But first, we should consider the invasion that led to the Norman Conquest! (This should make it clearer why I am dressed up like it’s me and 299 other soldiers against the world) In 1066, the Norman Conquest of England meant that an invasion from France was to have French speaking royalty and aristocracy in power in England for centuries.
The once dominant language precursor of English was originally a purely Germanic language. This gives us words like Hand and Arm, which are exactly the same in German and Dutch, and also pretty much gives us most of the language. This gives English speakers an extra edge when learning languages in this family and the similarities greater outnumber the differences.
However, with Anglo-Norman (a precursor to French) in place, upper society in England was basically speaking French for about 300 years. The lower class continued speaking in English of course. This gave a very interesting influx of French words to English, in formal contexts.
Think of a formal version of your word
This means that if you can think of a more formal way to say something, it is quite possible that that is the way to say it in French. Since French is closely related to the other Romance languages, you will find that word will be the same (with a very slight change in spelling) in Spanish, Italian, Portuguese etc.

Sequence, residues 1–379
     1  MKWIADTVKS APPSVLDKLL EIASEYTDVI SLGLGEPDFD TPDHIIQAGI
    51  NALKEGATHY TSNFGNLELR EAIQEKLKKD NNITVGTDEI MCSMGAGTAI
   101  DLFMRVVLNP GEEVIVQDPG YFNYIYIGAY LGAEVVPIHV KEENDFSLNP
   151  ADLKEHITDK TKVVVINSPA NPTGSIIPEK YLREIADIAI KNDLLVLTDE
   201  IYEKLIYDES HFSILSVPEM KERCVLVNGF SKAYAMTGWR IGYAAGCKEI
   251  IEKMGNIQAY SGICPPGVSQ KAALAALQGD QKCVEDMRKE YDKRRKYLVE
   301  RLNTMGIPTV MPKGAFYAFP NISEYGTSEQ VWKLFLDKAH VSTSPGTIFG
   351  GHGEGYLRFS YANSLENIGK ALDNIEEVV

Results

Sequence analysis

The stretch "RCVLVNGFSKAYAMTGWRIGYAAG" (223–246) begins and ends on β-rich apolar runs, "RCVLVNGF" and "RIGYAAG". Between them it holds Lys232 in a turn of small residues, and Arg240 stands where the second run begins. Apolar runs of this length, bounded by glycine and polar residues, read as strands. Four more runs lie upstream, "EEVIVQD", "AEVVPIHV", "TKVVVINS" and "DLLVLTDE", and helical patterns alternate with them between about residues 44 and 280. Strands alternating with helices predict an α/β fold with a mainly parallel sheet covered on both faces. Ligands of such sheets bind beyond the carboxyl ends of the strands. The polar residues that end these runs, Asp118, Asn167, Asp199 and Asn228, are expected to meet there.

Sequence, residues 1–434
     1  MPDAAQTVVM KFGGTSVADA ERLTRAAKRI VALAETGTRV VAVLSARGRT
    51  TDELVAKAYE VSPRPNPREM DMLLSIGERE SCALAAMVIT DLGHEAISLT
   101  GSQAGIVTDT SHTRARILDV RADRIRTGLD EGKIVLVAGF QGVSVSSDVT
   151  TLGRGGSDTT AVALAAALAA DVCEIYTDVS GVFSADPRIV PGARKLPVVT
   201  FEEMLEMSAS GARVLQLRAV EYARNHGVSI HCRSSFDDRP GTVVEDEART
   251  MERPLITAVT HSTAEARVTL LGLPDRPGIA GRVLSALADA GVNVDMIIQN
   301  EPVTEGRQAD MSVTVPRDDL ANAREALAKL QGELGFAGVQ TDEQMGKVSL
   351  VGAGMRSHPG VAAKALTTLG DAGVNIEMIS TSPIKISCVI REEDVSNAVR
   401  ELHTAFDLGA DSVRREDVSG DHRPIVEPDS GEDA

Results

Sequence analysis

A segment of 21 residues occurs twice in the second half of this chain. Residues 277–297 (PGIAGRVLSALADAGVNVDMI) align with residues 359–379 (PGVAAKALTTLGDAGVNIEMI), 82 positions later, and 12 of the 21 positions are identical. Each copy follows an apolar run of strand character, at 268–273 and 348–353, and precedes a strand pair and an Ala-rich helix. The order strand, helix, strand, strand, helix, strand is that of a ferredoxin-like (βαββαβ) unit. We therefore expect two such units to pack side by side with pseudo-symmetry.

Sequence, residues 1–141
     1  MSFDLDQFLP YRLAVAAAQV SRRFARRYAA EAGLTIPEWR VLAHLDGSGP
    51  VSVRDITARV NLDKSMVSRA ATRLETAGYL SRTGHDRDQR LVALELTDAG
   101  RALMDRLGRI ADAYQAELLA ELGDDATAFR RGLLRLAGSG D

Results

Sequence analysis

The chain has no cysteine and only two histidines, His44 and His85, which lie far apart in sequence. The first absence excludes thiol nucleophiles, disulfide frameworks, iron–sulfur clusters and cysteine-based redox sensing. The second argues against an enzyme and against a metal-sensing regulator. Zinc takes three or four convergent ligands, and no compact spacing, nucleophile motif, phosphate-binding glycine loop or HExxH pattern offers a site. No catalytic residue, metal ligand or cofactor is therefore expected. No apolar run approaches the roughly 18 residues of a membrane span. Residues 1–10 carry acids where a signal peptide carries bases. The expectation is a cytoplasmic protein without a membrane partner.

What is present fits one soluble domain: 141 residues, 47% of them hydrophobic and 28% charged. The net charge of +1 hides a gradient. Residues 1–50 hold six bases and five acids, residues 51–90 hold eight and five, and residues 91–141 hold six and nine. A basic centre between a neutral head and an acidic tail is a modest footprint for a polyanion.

So if someone knocks on your door, you can tell them to come in, or you could say enter. French: entrer, Spanish: entrar. If you want share your thoughts with someone to show them your point of view, you could also share your opinion and show them your perspective (Italian: opinione, Portuguese: perspectiva) (although here, “point de vue” in French is also not far off!). Instead of showing someone a city, you could be their guide (same in French). Learning vocabulary could be easy, but it’s better when it’s “simple” 😉
The English language has more words than most other languages and this is because of this influx of vocabulary and large amount of synonyms for basically saying the same thing, but in formal vs informal registers. One huge category of words that are common across English and the Romance languages are the -tion words. Action, nation, precipitation, solution, frustration, tradition, communication, extinction and thousands more -tion words are exactly the same in French; albeit with a French pronunciation. It’s easy to change them to other languages; Spanish is -ción, Italian is -zione and Portuguese is -ção.